like any other mansion, and nobody knows but the customers what happens there.
Or so my mother used to say. How could I believe her? She bequeathed to me
a healthy skepticism that included even her as I grew older and grew more willful.

I did not befriend the women who worked with my mother until the madame died.
My mother took over, heir apparent by proclamation from the dying woman’s lips.
I learned to tend bar, wait tables, and I had steady work and lived in the Vieux Carre.
Then the man who I talked about when we began this conversation came to town.
Come to find out he was a friend of my mother’s, loved her, but she did not love him.

My mother could no longer love anyone, she said. Her girls shielded her from all men
they believed had a design on her and wanted to take her money and her house from
her. My mother knew this man did not care about money or the house. He wanted her
to marry him. My mother said no, I don’t know how many times. He never took no
for an answer. He did talk her into letting me go with him to Boston and there we were

briefly living in his mansion in the Back Bay when I was admitted to Harvard University
with his great assistance, for like all of the school’s graduates or even friends of graduates
a word of commendation quickly served to take your name to the top of the brief roster
of those who were considered candidates for admittance to America’s original bastion
of higher learning. Thus I joined the pantheon of Emerson, Thoreau, Norman Mailer.

Why did I mention Mailer? Because he was my first acquaintance there. He loved books
and pitted his entire concentration not only on engineering but, more forcefully, on books
like Studs Lonigan and U.S.A., and was determined to write a novel as great as anything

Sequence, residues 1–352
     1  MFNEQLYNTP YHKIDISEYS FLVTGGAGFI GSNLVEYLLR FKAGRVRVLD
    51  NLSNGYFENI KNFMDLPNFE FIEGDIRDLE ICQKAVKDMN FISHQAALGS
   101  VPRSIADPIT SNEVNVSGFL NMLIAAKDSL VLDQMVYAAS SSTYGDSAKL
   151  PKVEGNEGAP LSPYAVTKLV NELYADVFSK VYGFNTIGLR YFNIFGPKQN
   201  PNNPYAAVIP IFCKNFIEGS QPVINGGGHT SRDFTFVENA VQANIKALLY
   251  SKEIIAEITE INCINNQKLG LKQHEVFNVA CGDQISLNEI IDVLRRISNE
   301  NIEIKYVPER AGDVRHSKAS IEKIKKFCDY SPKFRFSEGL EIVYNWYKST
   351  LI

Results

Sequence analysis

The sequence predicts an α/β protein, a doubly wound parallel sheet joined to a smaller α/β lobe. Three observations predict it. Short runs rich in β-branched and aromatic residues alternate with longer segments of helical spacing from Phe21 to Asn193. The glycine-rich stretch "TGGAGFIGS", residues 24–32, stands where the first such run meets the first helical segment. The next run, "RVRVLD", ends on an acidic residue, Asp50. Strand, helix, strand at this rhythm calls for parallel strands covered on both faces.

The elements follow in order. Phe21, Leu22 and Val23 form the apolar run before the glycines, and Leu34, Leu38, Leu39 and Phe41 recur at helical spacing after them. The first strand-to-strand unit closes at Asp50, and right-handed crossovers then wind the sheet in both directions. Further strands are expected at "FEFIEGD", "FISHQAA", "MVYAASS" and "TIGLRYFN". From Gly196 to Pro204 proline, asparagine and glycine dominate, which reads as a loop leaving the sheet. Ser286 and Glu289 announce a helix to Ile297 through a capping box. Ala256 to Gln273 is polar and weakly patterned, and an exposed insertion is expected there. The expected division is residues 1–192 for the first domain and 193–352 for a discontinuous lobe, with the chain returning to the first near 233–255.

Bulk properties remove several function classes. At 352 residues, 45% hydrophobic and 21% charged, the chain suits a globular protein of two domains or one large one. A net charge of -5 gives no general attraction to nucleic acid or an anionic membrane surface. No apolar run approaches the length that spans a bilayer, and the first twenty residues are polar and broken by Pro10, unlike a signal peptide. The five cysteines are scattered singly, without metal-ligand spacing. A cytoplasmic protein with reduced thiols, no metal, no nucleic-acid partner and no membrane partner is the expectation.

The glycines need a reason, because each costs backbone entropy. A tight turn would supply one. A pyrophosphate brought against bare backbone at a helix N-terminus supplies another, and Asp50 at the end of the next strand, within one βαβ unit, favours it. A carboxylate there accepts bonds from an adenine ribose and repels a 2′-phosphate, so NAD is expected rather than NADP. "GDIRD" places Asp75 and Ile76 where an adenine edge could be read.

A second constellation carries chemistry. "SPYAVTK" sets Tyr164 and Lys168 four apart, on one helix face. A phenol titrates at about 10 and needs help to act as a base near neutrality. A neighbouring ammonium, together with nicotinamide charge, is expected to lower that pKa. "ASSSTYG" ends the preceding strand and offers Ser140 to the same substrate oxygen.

Hemingway had done, especially in A Farewell to Arms and The Sun Also Rises.
When he graduated from Harvard he joined the army and from his time in the war
he fashioned The Naked and the Dead. I never saw him after that. He was too famous.


I was the one who sat with Juan Flores
in Harvard Square the day he said all this.
I had no reason to doubt anything he said.
He was bright enough to graduate with honors.
And he was my friend. I loved to hear his stories.

Recently I’ve lost track of his whereabouts.
Last I heard he was living with a Chicana Jew
in Chicago, she had lifted his heart by the roots,
he reported. He described her in great detail,
none of which I need relate here, not publicly.

Juan had a great love affair with his mother,
as he liked to say, always one who loved to shock.
He had turned to poetry after Harvard, turned
inward, said fuck it, his phrase, to the real world
of corporate power, trickle-down weltanschauung

When his mother died I heard from mutual friends
in Chicago and New Orleans he was heartbroken.
It was another kind of heartbreak the Sufis meant.
He had not seen her in so long he thought his absence
might have contributed to the way she let go of her life.

That is what I heard. I wrote to the last address
I had in Chicago and my letter was returned
undelivered. I tried to find a Lisa Alvardo
by telephone but there were far too many,
and I abandoned the search until now . . .

Now I suddenly have a dream of where Juan is,
in some dive in N’Orleans called Hotel HOTEL.
I find it, amazingly, and call and there he is,
his voice drugged with sleep, or so he claims,
and I don’t care, I tell him I tried all I could
to track him and he says, Lisa is still there . . .

He tells me all about Mama Ju-Ju and how
she let him see again what he missed forever.
He tells me how he is going to stay here
as long as he must to find where her coffin

floated to when the Katrina flood took it off

and left him forlorn, unforgiving of what
he had done to Lisa, to himself, and to her . . .

(8 January 2011)

copyright 2011 by Floyce Alexander